This distinction is important because the consumer is being ripped off in the case of an actual counterfeit item. They would presumably cooperate with law enforcement in efforts to eliminate counterfeit items. However, consumers are often happy to buy unauthorized copies of brand products because they sell for much lower prices than the brand product. In this case, consumers will be allied with the sellers in trying to evade law enforcement, since both are benefiting from the transaction.

This piece provides no indication that the products seized were in fact counterfeit. It is only clear that they were unauthorized copies. Reporters should be careful to note this distinction.

Erratic Patterns in Monthly Housing Starts Print
Wednesday, 21 December 2011 14:12

After being the big optimist who was bashing the double-dip gang in the summer and fall, I am now back to being the killjoy who refuses to join in the celebrations over the November data on housing starts reported yesterday. The point that I made in a prior post is that these numbers are highly erratic. This is especially true of the monthly data on starts of multi-family units, which were driving the jump reported for November.

This chart gives the basic picture.

Click for Larger Image


Source: Census Bureau.

This chart shows three important pieces of information. First construction of both single family units and multi-family units has plummeted since the peak of the bubble in 2006. Second, the monthly data on starts are far more volatile for multi-family units than single family units. Third, in the last year, starts of multi-family units have recovered much more than starts for single family units, which are still near their 2009 trough.

Combining points 2 and point 3, we can conclude that the monthly number on starts will be far more volatile now that multifamily units account for around one-third of all starts as compared to the good old days when they accounted for less than one-fifth. So this is why I am not celebrating just yet (except for Hanukkah). 

Protectionism for Lawyers Print
Wednesday, 21 December 2011 06:04

The NYT had a good piece on Sunday on how the American Bar Association limits the numbers of law schools and lawyers in the country. This inflates the salaries of lawyers.

This sort of restriction should be viewed the same way as a tariff on imported steel. It has all the same negative effects on consumers and the economy. The main differences are that the restrictions on lawyers redistribute income upward to the top 5 percent or even 1 percent and the economic distortions are almost certainly much larger. The other major difference is that the protectionism that benefits lawyers gets much less attention from economists, reporters, and columnists.  

Housing Is Back!!!! Yet Again Print
Wednesday, 21 December 2011 05:35

The Post has another piece showing some pre-mature optimism on the housing market. The proximate cause was the jump in housing starts that the Commerce Department reported for last month. As the piece notes, this jump was driven almost entirely by an increase in starts reported for multi-family units. In fact, most of the gain was attributable to sharp rises in starts in the Northeast and West. The gains in the South were modest and starts in the Midwest actually fell. 

In fact, housing starts, especially for multi-family units and near the end of the year, are highly erratic. For example, multi-family starts jumped 92.8 percent in January of this year. These erratic movements are often related to tax or regulatory changes that can make it desirable to rush ahead with a project before the end of the year or to delay it into the next year. This is why it is desirable to see several months data before assuming that the reported change is real.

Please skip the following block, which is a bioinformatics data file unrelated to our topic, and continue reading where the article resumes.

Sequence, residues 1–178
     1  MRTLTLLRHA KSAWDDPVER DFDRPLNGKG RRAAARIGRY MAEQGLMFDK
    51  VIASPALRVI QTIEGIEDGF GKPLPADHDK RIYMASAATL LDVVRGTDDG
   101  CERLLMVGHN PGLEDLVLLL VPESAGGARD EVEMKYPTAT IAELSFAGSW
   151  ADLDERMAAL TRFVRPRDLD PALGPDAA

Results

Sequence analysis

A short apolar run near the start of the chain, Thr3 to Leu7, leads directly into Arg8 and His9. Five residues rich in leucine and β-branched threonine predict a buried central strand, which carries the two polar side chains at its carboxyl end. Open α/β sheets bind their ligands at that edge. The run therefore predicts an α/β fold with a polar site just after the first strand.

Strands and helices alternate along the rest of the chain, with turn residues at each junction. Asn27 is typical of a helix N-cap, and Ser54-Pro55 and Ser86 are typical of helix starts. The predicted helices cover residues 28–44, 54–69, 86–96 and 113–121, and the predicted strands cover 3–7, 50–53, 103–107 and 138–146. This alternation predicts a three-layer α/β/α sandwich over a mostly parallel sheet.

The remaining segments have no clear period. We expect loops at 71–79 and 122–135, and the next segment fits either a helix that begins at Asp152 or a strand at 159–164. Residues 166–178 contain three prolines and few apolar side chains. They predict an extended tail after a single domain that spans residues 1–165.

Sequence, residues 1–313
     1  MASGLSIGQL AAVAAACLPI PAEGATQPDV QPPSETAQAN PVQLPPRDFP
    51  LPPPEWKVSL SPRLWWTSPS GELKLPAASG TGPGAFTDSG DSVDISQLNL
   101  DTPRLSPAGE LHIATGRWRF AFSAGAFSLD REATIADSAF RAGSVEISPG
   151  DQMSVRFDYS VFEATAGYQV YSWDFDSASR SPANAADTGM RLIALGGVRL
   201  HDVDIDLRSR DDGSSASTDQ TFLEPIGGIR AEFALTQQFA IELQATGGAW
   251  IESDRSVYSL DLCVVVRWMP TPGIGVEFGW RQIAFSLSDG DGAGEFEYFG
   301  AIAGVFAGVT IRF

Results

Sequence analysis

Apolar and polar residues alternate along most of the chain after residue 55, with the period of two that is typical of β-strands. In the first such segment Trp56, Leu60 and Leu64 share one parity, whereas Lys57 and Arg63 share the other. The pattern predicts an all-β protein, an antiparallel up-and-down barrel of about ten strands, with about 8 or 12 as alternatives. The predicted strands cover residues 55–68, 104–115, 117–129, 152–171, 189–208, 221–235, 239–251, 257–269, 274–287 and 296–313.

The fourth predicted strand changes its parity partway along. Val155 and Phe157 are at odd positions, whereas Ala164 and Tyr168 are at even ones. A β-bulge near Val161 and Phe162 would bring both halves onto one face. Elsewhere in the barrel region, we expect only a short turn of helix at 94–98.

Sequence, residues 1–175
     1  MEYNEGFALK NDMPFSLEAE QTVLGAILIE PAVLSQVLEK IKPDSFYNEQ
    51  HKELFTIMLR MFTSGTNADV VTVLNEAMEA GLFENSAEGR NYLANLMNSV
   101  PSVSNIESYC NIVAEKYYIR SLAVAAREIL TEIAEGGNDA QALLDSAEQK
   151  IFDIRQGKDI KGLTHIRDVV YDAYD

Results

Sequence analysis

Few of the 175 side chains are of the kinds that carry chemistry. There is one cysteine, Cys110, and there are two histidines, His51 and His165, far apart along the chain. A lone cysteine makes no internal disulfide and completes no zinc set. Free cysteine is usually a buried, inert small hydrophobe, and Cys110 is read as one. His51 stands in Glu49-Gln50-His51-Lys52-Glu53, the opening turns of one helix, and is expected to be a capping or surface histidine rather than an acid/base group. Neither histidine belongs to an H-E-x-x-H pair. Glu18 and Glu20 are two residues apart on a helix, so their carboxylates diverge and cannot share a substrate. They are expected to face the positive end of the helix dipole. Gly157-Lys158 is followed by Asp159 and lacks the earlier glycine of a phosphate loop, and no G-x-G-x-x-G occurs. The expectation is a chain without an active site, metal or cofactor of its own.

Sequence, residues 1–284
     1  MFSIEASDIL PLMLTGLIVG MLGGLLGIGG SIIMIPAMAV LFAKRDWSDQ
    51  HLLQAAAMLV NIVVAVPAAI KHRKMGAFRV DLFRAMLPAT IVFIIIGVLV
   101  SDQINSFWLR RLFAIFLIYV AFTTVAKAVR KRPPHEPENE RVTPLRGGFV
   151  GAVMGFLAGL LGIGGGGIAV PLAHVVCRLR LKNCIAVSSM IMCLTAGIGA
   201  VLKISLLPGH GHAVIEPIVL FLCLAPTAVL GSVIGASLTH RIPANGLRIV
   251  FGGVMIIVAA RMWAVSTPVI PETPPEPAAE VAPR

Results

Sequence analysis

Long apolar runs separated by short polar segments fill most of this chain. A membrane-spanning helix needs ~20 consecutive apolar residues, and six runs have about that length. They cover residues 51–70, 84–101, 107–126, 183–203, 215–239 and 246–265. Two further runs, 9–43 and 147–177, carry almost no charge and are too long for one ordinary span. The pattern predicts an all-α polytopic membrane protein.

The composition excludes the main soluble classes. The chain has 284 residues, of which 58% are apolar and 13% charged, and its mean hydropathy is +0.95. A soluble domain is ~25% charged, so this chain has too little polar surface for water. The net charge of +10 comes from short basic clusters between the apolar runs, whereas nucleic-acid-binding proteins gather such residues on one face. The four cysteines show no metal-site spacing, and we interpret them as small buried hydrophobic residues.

The other items cited as evidence of a recovering housing market are also dubious. The piece asserts that house prices have stabilized. Actually, the Case-Shiller 20-City index shows prices falling since April. The piece reports a rise in rents, but this is largely due to the impact of higher utility prices. The owner equivalent rent index, which excludes utilities, has increased at just a 1.9 percent annual rate over the last 3 months and a 2.1 percent rate over the last six months. The latter is almost identical to the overall rate of inflation over this period.

The piece also argues that shortages of housing are starting to appear because the 1.2 million trend annual rate of household formation is wearing away at the excess supply created by the building boom of the bubble years. Actually, the trend rate is almost certainly well below 1.2 million given the country's current demographics. The Congressional Budget Office projects labor force growth at around 1 million a year. This would put us at a considerably slower rate of household growth even if every new worker started their own household. In terms of the underlying balance of supply and demand, the Commerce Department shows that vacancy rates are still at a near record high.

(Note: some have raising doubts about the vacancy data. These calculations failed to note that when dilapidated housing is put back into use or non-residential property is converted to residential use, these units do not appear in the housing start data.)

What Jobs Should Big Government Train Workers For? Print
Wednesday, 21 December 2011 05:20

The NYT reported that the Republicans in the House want the federal government to allow states to use unemployment insurance tax revenue to pay for job training. It quotes Representative James B. Renacci on this topic:

"In this uncertain economy, using unemployment dollars to subsidize the training of a new employee to re-enter the work force is just good public policy."

It would have been worth pointing out that there is no major sector of the economy that seems to be short of workers. Real wages are flat or declining in every major occupational grouping. There is no occupation where job openings are especially high relative to job seekers (the overall average is more than 4 to 1).

If there are not obvious jobs for which to train workers, government training programs sound like a great example of ill-considered social engineering.

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About Beat the Press

Dean Baker is co-director of the Center for Economic and Policy Research in Washington, D.C. He is the author of several books, his latest being The End of Loser Liberalism: Making Markets Progressive. Read more about Dean.